Usually when I read books written by bloggers, I think they should stick to blogging and leave book readers alone. Not so with Allie Brosh. Not only d...moreUsually when I read books written by bloggers, I think they should stick to blogging and leave book readers alone. Not so with Allie Brosh. Not only do I think she should write more books, I think she should also put her blog behind a paywall (but only after I go back and read all her archives, please) because her writing and drawings are too good to just give away. How she gets so much expression into the faces of characters drawn with Microsoft Paint is a mystery.
By the time I discovered her blog, she had pretty much quit writing there, and I've only read a few of the more famous entries (about her recent bout of depression, Grandpa's birthday cake, procrastination, and "Parp! Parp! PARP!"), so most of what was in the book was new to me. It's a memoir of sorts, but not organized chronologically; she goes back and forth between odd/funny things that happened when she was a child and odd/sad things that are happening right now, and she gets the mix of hilarious and heart-breaking just right. (less)
This is a collection of strips of Snoopy as the perpetually rejected novelist, interspersed with very short essays by published writers, many of whom...moreThis is a collection of strips of Snoopy as the perpetually rejected novelist, interspersed with very short essays by published writers, many of whom you've never heard of, on the topic of writing. I'm pretty sure I've never read a single book written by any of the included authors, but because the essays are mostly terrible, I don't feel like I've missed anything. I did enjoy Danielle Steel's essay, however, because of how completely insane it is. To wit: "I sit at my typewriter and type until I ache so badly I can't get up. ... I've had cramps so badly when I sat typing that I couldn't move my hands for a couple of hours, but I usually keep sitting there and push through it for another five or six hours." Which leads me to believe that she sends manuscripts to her publisher that read: "Chapter 27: ckslj skrulsl kdrjlsxk k,djkliro9z9kdsja"
Five stars for the comic strips; one star for the essays.(less)
This is the kind of book people give me for Christmas. I've enjoyed Matthew Inman's comics on theoatmeal.com, but sometimes when bloggers get books, y...moreThis is the kind of book people give me for Christmas. I've enjoyed Matthew Inman's comics on theoatmeal.com, but sometimes when bloggers get books, you understand why they're bloggers. I'm not sure if I'd already seen all these comics on The Oatmeal, but it felt like I had. Estimated time to read entire book: 16 minutes.(less)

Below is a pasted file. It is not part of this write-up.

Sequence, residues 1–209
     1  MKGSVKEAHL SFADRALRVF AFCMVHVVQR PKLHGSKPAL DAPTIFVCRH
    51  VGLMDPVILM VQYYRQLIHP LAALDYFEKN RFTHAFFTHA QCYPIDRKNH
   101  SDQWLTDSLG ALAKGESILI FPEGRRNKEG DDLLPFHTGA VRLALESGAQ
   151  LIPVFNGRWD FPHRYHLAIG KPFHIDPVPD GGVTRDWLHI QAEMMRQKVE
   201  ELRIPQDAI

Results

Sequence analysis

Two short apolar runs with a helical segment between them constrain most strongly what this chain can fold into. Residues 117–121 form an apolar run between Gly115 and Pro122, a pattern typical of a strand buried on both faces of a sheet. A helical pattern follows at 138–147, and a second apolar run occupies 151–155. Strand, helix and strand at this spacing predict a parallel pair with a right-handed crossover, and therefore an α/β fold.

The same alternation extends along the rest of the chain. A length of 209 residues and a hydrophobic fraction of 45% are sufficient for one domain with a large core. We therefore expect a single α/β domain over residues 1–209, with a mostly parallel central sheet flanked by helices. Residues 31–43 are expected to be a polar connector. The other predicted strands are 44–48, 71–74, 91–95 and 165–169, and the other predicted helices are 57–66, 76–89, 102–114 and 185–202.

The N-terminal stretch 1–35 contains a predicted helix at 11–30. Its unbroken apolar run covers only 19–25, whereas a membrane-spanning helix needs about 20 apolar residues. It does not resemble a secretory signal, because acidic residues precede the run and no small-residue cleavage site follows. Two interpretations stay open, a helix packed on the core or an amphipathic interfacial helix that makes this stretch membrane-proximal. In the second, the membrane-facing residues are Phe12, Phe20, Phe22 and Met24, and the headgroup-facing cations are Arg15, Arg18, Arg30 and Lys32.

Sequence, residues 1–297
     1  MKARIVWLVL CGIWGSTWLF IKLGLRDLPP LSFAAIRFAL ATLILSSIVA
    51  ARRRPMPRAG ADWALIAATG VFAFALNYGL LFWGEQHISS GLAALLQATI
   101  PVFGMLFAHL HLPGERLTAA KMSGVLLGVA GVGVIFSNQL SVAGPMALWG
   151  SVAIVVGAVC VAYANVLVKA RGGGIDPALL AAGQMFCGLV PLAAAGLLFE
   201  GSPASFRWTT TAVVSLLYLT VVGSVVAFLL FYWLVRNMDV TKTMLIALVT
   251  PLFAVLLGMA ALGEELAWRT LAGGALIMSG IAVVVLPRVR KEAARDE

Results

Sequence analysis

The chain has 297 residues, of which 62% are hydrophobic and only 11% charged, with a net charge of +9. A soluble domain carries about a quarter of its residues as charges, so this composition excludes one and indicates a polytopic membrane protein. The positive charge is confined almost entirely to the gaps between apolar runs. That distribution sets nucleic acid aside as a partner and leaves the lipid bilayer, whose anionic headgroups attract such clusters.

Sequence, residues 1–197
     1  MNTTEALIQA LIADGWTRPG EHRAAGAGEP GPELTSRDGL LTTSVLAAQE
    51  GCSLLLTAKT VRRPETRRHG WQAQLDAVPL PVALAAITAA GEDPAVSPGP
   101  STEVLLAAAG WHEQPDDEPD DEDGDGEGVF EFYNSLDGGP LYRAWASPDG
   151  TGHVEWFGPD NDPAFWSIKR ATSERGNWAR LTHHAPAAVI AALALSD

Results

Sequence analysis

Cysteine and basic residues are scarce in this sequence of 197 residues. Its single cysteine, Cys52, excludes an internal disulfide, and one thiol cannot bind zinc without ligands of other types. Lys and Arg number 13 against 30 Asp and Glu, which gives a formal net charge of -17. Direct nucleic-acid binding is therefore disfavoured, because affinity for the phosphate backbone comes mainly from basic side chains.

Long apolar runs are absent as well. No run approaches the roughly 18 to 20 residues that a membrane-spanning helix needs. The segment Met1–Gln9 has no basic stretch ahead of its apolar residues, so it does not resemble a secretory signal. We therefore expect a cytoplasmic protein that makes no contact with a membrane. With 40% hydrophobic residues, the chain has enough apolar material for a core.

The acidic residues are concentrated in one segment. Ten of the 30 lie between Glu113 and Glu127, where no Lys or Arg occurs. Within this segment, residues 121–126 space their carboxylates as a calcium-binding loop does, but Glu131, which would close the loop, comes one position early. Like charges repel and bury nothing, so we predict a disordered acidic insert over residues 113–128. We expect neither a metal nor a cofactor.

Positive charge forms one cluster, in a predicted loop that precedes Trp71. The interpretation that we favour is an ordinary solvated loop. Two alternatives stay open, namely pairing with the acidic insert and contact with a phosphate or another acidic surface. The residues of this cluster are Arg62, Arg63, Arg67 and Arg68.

This book contains eighteen of the 300 interviews that Schulz gave over the course of his 50-year career, beginning with a 1956 piece from The Saturda...moreThis book contains eighteen of the 300 interviews that Schulz gave over the course of his 50-year career, beginning with a 1956 piece from The Saturday Evening Post and ending with two 1999 reflections by Garry Trudeau and Bill Watterson, which appeared in the Washington Post and Los Angeles times in the week after Schulz announced his retirement. With the exception of the two latter pieces, almost all of the interviews cover the same ground. Probably owing to his own shyness, it appears that Schulz decided early on how much of his life he would share in interviews -- and it wasn't much -- thus there's a lot of repetition in the stories he's willing to tell. The unintentional consequence is that the overall portrait is a little unflattering; he comes across as somewhat boring and seemingly unable to get over childhood slights. For example, in many of the interviews he mentions that an early disappointment was when the drawings he did for his high school yearbook were rejected; although he most likely got over it in short order, reading about it over and over again makes it appear as if he's got a death grip on that particular grudge. The book is worth looking at for the Trudeau and Watterson pieces and the 100-page 1997 interview by Gary Groth, but the book as a whole is not that interesting. (less)